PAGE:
“Bite-Size Bits of Local, National, and Global History”
“Bite-Size Bits of Local, National, and Global History”
Near Winchester in Clark County, Kentucky — The American South (East South Central)

The Quest for Land

The Quest for Land Wayside Exhibit image. Click for full size.
Photographed By Karl Stelly, June 1, 2014
1. The Quest for Land Wayside Exhibit
Land Fever
Why did so many people brave the dangers of frontier life to come to Clark County and the Bluegrass? The answer is land -- cheap land, fertile land. The quest for land drove the settlement of Kentucky.

John Findley was a hunter and fur trader who, in 1752, spent several months at the Shawnee town Eskippakithiki in Clark County. Findley returned to the eastern colonies with tales of rich land. It was Findley who told Daniel Boone, then 21, of the beautiful, fertile land teeming with game.

Seventeen years later, Boone finally reached the Bluegrass. It was the "second Eden" Findley had described and Boone decided to settle his family there as soon as possible. He was not the only one. The reports of Kentucky's riches brought back by Boone and others fueled the rush to this "promised land."

Hope of a Better Life
The dangers of reaching Kentucky, the threat of Indian attack, and the realities of harsh life on the frontier did not slow the wave of settlement. Land in Kentucky was fertile, and it was cheap compared to land in the east. It could be bought on easy terms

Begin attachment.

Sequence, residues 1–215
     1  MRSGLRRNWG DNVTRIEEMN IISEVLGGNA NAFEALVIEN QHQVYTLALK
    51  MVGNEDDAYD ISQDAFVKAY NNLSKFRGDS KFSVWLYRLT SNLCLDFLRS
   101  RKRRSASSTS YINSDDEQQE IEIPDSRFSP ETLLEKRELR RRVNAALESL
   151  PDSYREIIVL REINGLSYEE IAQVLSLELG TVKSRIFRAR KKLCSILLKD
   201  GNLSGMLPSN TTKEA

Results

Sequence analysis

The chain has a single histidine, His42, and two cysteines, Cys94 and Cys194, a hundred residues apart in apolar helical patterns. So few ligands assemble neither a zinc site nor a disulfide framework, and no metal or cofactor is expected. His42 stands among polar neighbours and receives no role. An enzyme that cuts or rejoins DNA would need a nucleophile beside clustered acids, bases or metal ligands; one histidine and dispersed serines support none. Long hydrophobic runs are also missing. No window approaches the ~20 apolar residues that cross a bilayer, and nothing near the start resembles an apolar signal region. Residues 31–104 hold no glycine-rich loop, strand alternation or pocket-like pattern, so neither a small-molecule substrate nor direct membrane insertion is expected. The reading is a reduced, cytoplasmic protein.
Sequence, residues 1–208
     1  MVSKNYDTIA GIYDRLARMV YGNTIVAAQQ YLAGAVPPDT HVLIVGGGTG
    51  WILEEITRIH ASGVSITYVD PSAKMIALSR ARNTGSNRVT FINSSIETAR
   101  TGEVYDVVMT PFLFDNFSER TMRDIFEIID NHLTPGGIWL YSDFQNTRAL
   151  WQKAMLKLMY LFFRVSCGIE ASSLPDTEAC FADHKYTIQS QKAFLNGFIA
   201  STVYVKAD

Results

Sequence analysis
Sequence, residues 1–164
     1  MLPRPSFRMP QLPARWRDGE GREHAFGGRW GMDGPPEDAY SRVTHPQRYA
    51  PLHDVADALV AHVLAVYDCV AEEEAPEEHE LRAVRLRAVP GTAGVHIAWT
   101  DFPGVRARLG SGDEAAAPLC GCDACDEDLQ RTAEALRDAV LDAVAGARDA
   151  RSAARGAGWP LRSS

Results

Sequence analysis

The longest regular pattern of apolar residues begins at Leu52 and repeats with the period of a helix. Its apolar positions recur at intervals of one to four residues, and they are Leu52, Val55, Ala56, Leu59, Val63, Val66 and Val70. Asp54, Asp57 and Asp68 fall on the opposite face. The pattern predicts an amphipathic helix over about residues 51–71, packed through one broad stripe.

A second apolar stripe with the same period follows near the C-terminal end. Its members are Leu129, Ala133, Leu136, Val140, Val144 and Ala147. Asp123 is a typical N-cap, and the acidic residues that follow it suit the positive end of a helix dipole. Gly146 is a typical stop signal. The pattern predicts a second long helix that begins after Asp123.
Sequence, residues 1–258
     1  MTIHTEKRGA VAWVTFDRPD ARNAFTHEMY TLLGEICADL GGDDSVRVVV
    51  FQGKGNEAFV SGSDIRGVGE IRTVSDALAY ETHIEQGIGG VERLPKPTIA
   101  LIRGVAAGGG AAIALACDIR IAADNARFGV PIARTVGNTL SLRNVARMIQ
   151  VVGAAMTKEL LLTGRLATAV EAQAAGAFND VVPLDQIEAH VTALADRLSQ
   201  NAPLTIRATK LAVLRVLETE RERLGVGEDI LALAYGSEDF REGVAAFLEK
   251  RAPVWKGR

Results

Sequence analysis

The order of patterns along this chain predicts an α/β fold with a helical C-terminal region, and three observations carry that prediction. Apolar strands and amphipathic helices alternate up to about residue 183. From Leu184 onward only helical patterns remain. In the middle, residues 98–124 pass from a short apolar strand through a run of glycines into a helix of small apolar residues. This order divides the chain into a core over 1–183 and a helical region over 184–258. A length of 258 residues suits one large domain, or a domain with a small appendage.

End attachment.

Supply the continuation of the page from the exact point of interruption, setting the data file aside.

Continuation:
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and was even given away if certain conditions were met.

Every settler came in the hopes of making a better life. Many came to escape the hardships created by the Revolutionary War. Most were farmers who were not prospering back east. Some were recent immigrants. A few were younger sons of aristocratic families with limited expectations back home. And some were slaves who had no voice in the decision to come west but who shared in the peril.

In just fifteen short years, between 1775 and 1790, the population of Kentucky rose from just 150 to over 73,000. More than 11,000 of the new residents were black, of whom only 114 were free. Almost all of these settlers lived in the Bluegrass or on its edges. The face of Kentucky was changed forever in those years.

Pioneer Landmarks
Because of its close proximity to Fort Boonesborough, present-day Clark County was well known to early hunters and explorers, and many who settled in Clark County first passed through Boonesborough. At least nineteen early settlements have been documented within the present boundaries of Clark County, although the location of some remains elusive.

1. Eskipakithiki
2. Fort Boonesborough
3. John Strode's Station
4. Stephen Boyle's Station
5. William Bramblett's Station
6. William Bush Settlement (Lower Howard's Creek Settlement)
7. John

Boone's First View of Kentucky. image. Click for full size.
Photographed By Karl Stelly, June 1, 2014
2. Boone's First View of Kentucky.
"Here from the top of an eminence, Boone and his companions first beheld a distant view of the beautiful lands of Kentucky. The plains and forests abounded with wild beasts of every kind; deer and elk were common; the buffalo were seen in herds, and the plains covered with the richest verdure." (From the book "The Great West," published in 1858, Courtesy Kentucky Historical Society)